Definition – What does Aramid mean?
Aramid, in the context of workplace safety, is closely related to personal protective equipment (PPE). PPE is often made from this class of synthetic polyamides, formed from aromatic monomers, that produce fibres of significant strength and thermal stability.
Produced from aromatic polyamides and inducted into commercial applications in the 1960s, a meta-aramid was first introduced by Dupont with Nomex as its trade name. While these synthetic polyamides have various applications, they do stand out for their use in the manufacture of protective gear that does not melt or even burn in conjunction with normal oxygen levels.
HSSE WORLD explains Aramid
Today, aramid continues to be used in the production of protective gear that facilitates the safety of workers in America and around the world. This fact is mostly true for environments wherein workers to face significant heat exposure and stand the risk of burn injuries and other workplace hazards. In industries such as pharmaceuticals fabrication, mining, glass mining, sheet metal fabrication, paper mining, and others, the use of aramid polyamide fibres in protective gear has proven the potential to reduce workplace accidents and hazards for workers to a significant degree. Furthermore, the strength and durability of aramid serve to comply with norms and regulations pertaining to PPE in the workplace.
Aramid polyamide fibres have a range of properties conducive to the production of effective PPE. These polyamides boast of significant abrasion-resistance, are non-conductive, resist organic solvents, and retain fabric integrity even at high altitudes. Furthermore, aramid polyamides are significantly heat-resistant with a high melting point of 500 degrees Celsius and have a distinct low-flammability property, which means that these fibres are resistant to flames and do not ignite under normal circumstances. Bearing in mind these properties, it is easy to see how aramid polyamides, when used to produce protective gear for workers, can serve as ideal PPE, the provision of which is mandated by the Occupational Safety and Health Administration (OSHA) under the U.S. Department of Labor.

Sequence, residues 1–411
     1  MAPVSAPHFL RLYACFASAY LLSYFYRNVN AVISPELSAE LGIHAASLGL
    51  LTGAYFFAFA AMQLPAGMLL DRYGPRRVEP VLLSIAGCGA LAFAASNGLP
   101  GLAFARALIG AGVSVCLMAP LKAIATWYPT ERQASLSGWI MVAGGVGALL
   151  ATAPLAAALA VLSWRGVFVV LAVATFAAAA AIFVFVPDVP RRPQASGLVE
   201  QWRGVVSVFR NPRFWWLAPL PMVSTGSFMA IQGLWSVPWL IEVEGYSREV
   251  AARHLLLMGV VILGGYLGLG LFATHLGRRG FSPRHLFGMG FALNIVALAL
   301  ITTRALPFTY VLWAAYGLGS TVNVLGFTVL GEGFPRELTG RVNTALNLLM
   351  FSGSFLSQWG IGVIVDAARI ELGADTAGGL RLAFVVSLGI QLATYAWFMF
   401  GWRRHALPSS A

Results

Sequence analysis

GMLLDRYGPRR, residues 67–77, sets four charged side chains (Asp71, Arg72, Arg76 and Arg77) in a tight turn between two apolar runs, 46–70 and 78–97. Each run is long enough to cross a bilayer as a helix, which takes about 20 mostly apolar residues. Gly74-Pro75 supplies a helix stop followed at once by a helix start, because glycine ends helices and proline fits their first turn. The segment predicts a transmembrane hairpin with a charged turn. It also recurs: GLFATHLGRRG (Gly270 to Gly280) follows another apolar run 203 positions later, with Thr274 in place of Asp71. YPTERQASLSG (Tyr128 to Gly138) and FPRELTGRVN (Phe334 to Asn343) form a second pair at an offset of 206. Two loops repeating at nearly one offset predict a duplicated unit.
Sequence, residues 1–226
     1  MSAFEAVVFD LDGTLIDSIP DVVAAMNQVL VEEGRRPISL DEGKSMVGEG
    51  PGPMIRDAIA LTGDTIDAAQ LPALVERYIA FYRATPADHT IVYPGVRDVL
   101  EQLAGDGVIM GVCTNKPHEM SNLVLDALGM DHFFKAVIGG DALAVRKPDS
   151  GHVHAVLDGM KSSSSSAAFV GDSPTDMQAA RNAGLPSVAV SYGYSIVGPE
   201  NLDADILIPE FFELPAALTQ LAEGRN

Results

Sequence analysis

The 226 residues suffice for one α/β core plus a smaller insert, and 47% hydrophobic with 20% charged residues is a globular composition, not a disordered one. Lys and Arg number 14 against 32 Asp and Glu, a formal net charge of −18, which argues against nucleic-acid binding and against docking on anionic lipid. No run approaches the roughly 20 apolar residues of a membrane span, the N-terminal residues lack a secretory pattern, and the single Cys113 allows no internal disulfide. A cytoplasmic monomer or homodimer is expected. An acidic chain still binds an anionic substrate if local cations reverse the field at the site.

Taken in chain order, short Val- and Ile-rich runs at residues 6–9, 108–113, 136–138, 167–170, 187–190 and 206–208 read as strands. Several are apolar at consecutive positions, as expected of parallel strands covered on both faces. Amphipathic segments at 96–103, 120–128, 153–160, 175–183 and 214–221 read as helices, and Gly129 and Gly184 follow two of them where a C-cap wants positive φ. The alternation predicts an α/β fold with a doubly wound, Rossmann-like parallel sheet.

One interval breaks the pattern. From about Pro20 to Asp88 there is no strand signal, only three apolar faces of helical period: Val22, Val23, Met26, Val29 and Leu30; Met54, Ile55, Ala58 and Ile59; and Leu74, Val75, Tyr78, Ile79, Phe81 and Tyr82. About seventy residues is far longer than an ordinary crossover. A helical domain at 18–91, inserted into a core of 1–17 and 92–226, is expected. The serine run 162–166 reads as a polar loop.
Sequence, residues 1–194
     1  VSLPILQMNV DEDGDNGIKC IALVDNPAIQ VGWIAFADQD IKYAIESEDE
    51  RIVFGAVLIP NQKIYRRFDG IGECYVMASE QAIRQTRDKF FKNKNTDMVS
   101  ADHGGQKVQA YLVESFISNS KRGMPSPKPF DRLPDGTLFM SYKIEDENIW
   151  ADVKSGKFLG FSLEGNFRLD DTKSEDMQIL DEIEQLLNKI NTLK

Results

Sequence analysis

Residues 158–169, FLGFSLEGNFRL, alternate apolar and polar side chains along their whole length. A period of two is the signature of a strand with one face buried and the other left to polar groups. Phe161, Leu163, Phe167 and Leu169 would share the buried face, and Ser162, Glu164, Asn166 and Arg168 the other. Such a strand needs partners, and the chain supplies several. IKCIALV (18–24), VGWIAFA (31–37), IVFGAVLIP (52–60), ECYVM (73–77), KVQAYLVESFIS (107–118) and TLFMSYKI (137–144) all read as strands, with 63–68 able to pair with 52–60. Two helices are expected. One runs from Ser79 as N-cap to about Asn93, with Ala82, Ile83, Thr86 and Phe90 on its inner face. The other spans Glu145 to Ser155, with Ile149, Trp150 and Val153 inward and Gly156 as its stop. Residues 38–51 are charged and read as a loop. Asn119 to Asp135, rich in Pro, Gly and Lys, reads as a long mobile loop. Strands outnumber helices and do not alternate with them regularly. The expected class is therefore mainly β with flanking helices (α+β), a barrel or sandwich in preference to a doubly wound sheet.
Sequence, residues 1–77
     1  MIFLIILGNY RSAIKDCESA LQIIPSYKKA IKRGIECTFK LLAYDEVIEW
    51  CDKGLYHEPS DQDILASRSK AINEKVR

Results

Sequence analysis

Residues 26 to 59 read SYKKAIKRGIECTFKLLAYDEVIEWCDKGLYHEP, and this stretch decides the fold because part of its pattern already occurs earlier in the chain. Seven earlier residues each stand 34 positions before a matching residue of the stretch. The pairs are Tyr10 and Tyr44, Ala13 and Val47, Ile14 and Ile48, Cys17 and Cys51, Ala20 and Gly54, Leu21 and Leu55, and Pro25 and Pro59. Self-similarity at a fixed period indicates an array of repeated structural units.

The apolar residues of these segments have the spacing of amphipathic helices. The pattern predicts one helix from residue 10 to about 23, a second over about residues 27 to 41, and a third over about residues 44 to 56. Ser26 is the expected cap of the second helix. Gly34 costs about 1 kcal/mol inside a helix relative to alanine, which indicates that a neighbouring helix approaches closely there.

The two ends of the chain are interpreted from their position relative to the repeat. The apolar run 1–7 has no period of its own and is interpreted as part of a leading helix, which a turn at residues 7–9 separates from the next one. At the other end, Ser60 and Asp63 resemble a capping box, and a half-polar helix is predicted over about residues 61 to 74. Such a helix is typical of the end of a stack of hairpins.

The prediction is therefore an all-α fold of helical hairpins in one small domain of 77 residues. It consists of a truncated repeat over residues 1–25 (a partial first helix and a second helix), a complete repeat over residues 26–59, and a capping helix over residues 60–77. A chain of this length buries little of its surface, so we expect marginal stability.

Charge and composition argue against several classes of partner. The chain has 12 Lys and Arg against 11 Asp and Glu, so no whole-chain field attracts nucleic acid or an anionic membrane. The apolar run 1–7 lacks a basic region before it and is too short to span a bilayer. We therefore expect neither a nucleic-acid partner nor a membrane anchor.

OSHA provides extensive guidelines to employers to facilitate the safety of workers in its manual for PPE, which stresses the need for protective gear for workers who are subject to various workplace risks and hazards. This includes heat exposure, as well as the risk of injury caused by sharp objects, electrical shocks, or organic solvent neurotoxicity.
The use of aramid polyamides to produce protective gear for workers, firefighters, and even soldiers is undoubtedly an advanced form of risk management in keeping with norms and regulations for employee safety. Employers are accountable for the provision of such equipment including jackets, gloves, and other apparel for workers exposed to various workplace risks. Additionally, according to OSHA’s PPE manual, employers are accountable for training workers in the appropriate use of aramid protective gear, the maintenance of such gear. and the provision of timely replacements when needed.